Broadspring Consulting

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May 1 Weekly Wrap Up

First Year Quarter Of Fair Work Cases

This article from AHRI HRM online showcases three key cases – and a few other informative links – about lessons and insights to be gained from cases at Fair Work and the fair Work Ombudsman.
The cases are varied and the summary canvasses 457 visa changes, staff underpayments as well as “worker exploitation”

While no readers of this blog would intentionally exploit workers (I’m sure of that) there are a few lessons and insights to be gained

1. When a major player in an industry has been under scrutiny, the entire industry needs to be alert.
Mention is made of one franchise organisation being reviewed and quickly made mention of several others.
Stay tuned to what is happening to other employers in your industry and if any have cases before Fair Work then you ought to be aware that you too may be up for a review.

2. It’s not just the repayments that you need to be aware of. If an employer underpays staff the penalties that are applied to the company and individually to Directors are significant. This is why it is vital to get good advice on correct pay rates, and to continually monitor the accuracy of what you are paying staff.

3. The fair Work office and Ombudsman are well resourced. The variety of cases being dealt with is growing. Employers need to be continually monitoring legislative changes and case outcomes. You need good HR support in your business.

Millenials In The HR Conversation Again

An article from Aberdeen Essentials discusses the question of whether you have to hire millennial staff to survive.

The answer is yes.

Interestingly other articles on the same day discuss age discrimination in recruitment starting for candidates as young as 45.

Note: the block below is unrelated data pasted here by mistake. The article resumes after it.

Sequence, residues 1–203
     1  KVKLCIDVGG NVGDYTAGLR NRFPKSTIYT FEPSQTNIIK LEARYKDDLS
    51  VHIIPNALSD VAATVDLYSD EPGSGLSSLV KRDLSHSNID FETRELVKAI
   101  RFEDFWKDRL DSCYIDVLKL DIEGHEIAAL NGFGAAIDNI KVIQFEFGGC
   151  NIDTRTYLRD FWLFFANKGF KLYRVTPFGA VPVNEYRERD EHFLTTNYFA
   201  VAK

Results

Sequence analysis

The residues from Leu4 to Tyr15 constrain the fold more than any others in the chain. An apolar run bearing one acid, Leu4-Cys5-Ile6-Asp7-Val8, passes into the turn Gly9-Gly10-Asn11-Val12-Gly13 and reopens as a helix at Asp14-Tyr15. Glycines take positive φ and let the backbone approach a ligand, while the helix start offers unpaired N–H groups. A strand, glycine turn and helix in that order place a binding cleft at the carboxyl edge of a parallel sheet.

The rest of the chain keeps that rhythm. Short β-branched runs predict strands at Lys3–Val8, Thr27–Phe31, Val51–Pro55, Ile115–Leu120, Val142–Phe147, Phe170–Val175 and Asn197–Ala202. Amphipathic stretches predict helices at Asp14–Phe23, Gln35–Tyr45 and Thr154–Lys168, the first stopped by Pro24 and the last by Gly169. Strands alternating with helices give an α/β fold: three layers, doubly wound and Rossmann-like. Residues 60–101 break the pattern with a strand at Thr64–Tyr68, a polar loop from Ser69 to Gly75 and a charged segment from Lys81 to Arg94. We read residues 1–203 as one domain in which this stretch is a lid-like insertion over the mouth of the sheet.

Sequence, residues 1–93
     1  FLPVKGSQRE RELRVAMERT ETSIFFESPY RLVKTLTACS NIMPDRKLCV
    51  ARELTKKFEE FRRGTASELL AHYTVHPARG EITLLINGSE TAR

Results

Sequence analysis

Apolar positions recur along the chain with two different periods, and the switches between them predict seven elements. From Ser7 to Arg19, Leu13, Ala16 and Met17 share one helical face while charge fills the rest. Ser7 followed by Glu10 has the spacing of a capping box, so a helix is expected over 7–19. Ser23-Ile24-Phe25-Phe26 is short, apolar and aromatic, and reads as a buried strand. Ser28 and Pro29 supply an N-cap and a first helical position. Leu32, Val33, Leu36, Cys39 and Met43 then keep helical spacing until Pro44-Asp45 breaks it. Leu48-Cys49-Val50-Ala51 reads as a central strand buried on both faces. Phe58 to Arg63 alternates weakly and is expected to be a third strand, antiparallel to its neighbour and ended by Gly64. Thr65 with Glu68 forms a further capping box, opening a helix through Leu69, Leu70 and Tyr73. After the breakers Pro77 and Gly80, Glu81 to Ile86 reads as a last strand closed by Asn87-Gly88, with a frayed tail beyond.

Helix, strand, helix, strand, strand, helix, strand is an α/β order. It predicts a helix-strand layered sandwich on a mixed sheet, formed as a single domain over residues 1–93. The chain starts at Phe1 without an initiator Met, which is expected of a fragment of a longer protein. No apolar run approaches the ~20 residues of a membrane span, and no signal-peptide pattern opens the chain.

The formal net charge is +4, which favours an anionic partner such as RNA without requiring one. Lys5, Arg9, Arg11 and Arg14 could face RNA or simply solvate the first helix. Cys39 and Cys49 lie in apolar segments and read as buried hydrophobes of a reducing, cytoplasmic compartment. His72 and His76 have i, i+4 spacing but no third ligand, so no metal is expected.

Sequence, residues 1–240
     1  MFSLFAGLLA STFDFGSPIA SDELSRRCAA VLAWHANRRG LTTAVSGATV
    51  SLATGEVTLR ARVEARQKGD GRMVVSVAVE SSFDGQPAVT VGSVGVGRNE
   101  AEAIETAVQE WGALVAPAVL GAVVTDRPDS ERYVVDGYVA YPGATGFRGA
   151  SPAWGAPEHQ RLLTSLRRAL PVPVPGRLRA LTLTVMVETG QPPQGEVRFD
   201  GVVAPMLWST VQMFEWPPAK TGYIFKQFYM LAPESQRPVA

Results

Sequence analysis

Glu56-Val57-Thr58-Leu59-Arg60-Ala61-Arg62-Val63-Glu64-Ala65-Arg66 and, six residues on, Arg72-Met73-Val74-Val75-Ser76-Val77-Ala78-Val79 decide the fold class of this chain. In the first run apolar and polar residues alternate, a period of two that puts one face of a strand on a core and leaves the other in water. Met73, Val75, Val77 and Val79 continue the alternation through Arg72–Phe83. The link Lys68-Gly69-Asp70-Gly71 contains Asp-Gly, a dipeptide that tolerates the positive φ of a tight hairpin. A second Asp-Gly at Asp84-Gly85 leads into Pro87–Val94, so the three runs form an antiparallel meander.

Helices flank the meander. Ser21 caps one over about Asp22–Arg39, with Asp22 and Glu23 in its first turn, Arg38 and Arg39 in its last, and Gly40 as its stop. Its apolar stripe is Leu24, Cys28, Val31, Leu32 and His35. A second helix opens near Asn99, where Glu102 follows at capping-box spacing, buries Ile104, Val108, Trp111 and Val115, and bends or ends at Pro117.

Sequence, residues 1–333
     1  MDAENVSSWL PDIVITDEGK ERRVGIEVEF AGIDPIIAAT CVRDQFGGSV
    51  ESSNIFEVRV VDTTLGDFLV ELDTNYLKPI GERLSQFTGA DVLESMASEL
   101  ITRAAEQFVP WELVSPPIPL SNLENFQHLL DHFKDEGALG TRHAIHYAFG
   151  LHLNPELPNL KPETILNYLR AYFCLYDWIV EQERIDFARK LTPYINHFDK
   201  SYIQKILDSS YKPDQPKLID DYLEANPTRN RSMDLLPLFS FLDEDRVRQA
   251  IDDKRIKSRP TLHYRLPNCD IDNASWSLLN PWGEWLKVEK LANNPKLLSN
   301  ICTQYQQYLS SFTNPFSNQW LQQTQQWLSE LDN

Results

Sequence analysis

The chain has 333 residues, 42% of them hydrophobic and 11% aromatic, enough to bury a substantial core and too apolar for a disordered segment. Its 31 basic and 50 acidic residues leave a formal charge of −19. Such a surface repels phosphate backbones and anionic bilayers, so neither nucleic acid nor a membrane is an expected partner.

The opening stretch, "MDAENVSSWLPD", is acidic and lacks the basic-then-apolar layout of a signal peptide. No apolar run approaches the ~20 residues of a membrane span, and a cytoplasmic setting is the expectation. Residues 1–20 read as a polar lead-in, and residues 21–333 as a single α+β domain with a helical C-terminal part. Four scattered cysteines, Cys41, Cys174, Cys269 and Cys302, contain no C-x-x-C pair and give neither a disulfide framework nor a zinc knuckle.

It’s interesting how much focus is placed upon the age and (stereotyped0 typical behaviours of different age groups.

From a HR perspective let’s say that this needs to cease.
From an employer perspective you need to be focused on:
– culture fit
– skill mix
– capability

The article includes some stats on Best in Class HR and company performers and their trends in hiring millenials.

The three key points for me are:
1. Group think and “hiring like” have been known for years to be risky processes.
If your hiring and promotion decisions are being made on the same factors as they were 5 or 10 years ago then you are creating unnecessary risk in your company.

2. Hiring should be about skill, growth and reflecting who your clients are

3. People have different ways of engaging, regardless of their age, and if we are to truly achieve diversity and an absence of bias then ending the labelling of generations is a good start

Bullying Is In The News Again

There is no need to include links as the news in general media and HR streams has been full of what is happening at the AOC.

Other cases and the issuing of “orders” from Fair Work have been in the HR field.

Whatever the case of the context bullying is an undesirable workplace behaviour.

The questions being asked right now are insightful:
– what is bullying?
– what role does publishing/speaking out have?
– what can an employer do if there is doubt about the validity of the claim?
– will Fair Work orders make things better or worse
– how much had been going on prior to it becoming known/reported?
– what is the long term impact?
– can the workplace be restored to it’s previous state?
– should the workplace return to it’s previous state or is real change needed?

Clearly prevention of bullying is an important activity for me (my clients will all attest to this)
Sadly there seem to be some situations where the act of lodging a bullying allegation is in itself an act of bullying.

It’s too complex to go into in a blog, however I am happy to have a confidential conversation with you if you would like guidance on your situation.

My 3 tips on bullying
1. Take all allegations seriously
2. Maintain confidentiality
3. Investigate impartially and thoroughly
Be prepared to act early to prevent bullying
Be prepared to call and get advice